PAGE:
AKRON, OHIO — A year after moving into the top tier of global PET makers, Gruppo Mossi & Ghisolfi is taking steps to maximize its market opportunities.
The first step: a $35 million improvement in its Point Pleasant, W.Va., plant.
With its February 2000 acquisition of Shell Chemical Co.'s PET operations — 1.3 billion pounds of capacity at four plants in North America and Europe — M&G was transformed overnight from a $300 million-a-year regional player based in Tortona, Italy, into a two-continent operation with about $900 million in annual sales.
Guido Ghisolfi, M&G's vice president of operations and development, said M&G is confident that its family-run approach can succeed in a PET market that has witnessed the exit of global players like Shell and Hoechst AG in recent years.
"The structure of the business has substantially changed," Ghisolfi said in an April 4 interview at M&G's newly acquired Polyester Research Center in Akron. "You're seeing family businesses come in, not just here with M&G and KoSa, but also in India and Spain. The margins that are left in the business don't fit the overall cost structures of large corporate businesses anymore.
"But there's nothing wrong with the business. It's still growing 10 percent a year on a global basis. The companies that were there when we entered the European market [in 1982] — Hoechst, Rhone-Poulenc — are all gone. We're the last of the Mohicans."
Ghisolfi has the vantage point and family background to judge the playing field. His father, Vittorio, was one of the firm's founders, and his brother Marco is a top M&G executive as well. M&G also ranks as one of Europe's largest makers of PET preforms and film. The company was the first to introduce PET into the European packaging market.
One aspect of the family approach that Guido Ghisolfi considers an advantage is the necessity of adhering to the bottom line in the absence of a larger corporate parent to fall back on, he said.
"PET makers haven't returned the cost of capital for years," he said. "Now we must return — there's no other place for the money to come from."
In Point Pleasant, M&G is installing a new solid-state PET line and upgrading two melt-phase PET lines. The project — to be completed by the end of this year — will increase the site's capacity by 10 percent to a total of almost 700 million pounds annually.
"We'll be able to run better and run a wider portfolio of products," Ghisolfi said.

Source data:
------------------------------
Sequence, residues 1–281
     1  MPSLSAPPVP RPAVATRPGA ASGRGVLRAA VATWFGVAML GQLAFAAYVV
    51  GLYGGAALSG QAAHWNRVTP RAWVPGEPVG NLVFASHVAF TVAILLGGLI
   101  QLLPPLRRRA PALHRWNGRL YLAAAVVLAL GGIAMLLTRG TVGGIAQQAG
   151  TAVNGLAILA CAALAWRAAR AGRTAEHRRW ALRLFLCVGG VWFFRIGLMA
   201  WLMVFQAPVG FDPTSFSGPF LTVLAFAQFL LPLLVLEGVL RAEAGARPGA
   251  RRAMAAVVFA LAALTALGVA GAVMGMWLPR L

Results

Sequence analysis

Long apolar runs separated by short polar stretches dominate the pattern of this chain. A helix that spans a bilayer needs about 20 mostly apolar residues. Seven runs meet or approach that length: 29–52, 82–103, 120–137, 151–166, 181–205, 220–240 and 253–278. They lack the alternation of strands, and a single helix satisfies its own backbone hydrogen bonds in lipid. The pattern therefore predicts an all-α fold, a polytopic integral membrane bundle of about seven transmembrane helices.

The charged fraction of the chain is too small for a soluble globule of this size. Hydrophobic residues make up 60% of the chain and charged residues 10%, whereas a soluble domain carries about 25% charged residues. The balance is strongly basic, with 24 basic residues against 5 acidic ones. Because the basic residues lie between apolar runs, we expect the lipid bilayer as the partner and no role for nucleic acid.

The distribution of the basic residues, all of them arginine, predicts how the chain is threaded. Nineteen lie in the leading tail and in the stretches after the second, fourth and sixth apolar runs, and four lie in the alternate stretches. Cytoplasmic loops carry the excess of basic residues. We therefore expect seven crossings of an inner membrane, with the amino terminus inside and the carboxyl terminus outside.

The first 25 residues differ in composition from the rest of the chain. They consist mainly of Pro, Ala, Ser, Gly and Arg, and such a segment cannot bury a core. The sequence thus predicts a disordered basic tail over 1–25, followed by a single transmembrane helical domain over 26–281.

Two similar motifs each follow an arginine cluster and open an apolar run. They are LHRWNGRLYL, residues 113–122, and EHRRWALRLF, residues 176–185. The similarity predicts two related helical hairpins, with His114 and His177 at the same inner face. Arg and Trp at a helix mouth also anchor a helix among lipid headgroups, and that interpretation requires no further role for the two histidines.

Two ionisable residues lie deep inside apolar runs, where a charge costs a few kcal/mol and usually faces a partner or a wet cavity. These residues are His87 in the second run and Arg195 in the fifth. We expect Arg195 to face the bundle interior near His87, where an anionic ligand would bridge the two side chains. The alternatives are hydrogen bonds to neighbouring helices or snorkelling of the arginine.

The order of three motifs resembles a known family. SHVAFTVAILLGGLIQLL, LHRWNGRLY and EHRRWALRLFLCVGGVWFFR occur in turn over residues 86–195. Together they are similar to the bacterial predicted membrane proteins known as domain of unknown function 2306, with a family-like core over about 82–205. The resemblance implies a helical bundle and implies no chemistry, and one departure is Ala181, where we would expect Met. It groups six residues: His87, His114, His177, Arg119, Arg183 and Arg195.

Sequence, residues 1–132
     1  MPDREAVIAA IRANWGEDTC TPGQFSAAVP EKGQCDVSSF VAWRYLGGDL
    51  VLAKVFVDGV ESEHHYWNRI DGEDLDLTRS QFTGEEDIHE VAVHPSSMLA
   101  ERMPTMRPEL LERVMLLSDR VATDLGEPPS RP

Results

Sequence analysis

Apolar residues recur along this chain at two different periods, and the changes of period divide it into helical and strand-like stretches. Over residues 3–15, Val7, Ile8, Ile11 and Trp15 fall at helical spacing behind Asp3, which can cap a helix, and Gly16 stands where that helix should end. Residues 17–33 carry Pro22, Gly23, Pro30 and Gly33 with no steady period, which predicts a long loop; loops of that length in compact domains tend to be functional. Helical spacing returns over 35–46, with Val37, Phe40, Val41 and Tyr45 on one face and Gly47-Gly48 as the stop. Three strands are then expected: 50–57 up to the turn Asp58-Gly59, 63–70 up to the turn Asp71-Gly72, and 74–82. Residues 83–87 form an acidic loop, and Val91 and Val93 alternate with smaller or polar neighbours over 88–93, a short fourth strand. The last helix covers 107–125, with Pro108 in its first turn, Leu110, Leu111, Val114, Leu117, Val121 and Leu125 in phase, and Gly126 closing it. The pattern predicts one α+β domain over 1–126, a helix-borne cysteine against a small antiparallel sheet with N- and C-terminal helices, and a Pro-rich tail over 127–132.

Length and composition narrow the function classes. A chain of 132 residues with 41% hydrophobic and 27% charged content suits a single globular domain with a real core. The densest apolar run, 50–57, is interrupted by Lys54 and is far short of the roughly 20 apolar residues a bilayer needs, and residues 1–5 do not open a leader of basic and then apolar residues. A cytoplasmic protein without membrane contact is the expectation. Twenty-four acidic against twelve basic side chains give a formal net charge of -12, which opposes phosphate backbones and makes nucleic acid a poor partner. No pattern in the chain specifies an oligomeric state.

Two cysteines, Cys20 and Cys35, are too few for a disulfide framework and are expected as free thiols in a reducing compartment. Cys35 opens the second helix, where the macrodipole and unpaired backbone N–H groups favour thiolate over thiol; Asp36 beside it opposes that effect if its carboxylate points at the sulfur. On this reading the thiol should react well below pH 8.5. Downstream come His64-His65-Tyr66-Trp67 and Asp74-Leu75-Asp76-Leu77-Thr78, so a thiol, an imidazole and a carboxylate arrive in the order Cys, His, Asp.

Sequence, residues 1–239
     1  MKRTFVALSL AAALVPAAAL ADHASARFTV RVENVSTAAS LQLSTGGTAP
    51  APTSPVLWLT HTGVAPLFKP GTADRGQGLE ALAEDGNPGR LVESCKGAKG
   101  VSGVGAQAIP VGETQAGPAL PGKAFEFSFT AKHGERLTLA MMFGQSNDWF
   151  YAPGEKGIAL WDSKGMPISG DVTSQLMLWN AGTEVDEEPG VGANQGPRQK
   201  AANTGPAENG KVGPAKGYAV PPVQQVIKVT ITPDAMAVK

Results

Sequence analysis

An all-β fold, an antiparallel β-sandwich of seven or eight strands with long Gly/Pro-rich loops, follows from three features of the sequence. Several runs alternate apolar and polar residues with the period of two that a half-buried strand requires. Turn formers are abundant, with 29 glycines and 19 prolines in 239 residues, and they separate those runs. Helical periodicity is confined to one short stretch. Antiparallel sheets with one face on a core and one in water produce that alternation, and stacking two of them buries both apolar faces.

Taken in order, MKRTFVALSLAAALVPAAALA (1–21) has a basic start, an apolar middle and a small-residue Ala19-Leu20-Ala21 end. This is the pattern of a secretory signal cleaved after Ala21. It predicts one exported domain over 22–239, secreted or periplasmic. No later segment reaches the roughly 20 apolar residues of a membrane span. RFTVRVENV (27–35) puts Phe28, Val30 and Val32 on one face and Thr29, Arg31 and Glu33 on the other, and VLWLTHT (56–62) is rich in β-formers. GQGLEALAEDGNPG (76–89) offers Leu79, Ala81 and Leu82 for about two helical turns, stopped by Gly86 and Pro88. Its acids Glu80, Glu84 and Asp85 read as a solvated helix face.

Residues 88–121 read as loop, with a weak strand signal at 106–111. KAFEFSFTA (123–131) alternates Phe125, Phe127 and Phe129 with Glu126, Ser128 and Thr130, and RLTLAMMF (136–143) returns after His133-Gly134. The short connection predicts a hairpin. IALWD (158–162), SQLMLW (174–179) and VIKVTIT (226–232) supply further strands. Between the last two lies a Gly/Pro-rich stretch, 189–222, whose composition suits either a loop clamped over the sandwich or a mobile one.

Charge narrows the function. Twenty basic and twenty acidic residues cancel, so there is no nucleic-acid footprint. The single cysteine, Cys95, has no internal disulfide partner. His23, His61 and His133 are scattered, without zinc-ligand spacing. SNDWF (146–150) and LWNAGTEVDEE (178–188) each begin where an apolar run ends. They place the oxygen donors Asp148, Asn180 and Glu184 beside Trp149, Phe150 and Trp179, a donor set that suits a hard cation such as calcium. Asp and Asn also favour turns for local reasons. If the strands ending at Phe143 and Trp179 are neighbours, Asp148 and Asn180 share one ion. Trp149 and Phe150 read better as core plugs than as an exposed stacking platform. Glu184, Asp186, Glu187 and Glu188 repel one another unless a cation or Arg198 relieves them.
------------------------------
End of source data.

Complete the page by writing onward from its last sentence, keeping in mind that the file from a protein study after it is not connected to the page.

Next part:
That "wider portfolio" will include barrier resins for the beer market, an area on which PET makers have pinned their hopes in anticipation of a big payoff.
But Ghisolfi said the hurdles facing broad acceptance of PET in the beer market remain substantial, primarily because no single dominant technology has emerged and been accepted industrywide.
"Public perception [of beer in PET] is good, but there are very complex technological challenges," he said. "There's not one technology that everyone can invest in, and every technology that's been offered — whether it's multilayer or coating or plasma or barrier properties — means a megabucks investment. We can't say that one's the safest or most recyclable yet."
With the carbonated soft drink market at or approaching saturation levels, PET makers are looking to markets for bottled water or milk for new opportunities. There's still room for growth in single-serve beverages, which are moving from 20-ounce to 12-ounce sizes, said M&G global PET marketing manager David Swift.
The North American market is expected to grow 7-9 percent annually through 2005, according to an M&G forecast.
M&G plans to stick to PET resin in the United States, with no plans to expand its European PET preforms and films businesses into North America.
"In the U.S., there's a very well-organized industry already here," Ghisolfi said. "It wouldn't be a core business for us to come and make preforms that can easily come from other companies."
M&G also has been active on other fronts, commissioning an Australian firm to build equipment that will recycle post-consumer PET bottles in Point Pleasant, and looking for a chance to move into the South American market. In March, Ghisolfi denied speculation that M&G would acquire Brazilian PET maker Rhodia-ster SA.
Moving ahead into a brave new PET world, Ghisolfi said his firm is off to a good start with the employees it inherited from Shell. M&G has eliminated about 60 manufacturing jobs in Point Pleasant but made little change to Shell's management structure.
"I think employees like having a visible level of ownership," Ghisolfi said. "I was looking at some equipment with our employees at Point Pleasant recently and asked them, `When was the last time your owner knew how many rpm your polymer lines were running?'"